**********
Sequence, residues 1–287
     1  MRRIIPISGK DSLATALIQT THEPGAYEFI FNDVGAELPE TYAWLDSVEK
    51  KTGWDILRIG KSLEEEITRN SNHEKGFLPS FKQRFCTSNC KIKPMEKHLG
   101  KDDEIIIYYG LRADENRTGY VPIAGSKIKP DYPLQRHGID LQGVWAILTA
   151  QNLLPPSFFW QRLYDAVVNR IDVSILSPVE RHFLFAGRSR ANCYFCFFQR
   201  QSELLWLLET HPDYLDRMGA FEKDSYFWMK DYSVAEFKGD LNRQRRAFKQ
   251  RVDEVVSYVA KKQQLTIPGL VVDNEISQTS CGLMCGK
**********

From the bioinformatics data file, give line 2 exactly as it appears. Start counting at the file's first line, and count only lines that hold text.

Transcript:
     1  MRRIIPISGK DSLATALIQT THEPGAYEFI FNDVGAELPE TYAWLDSVEK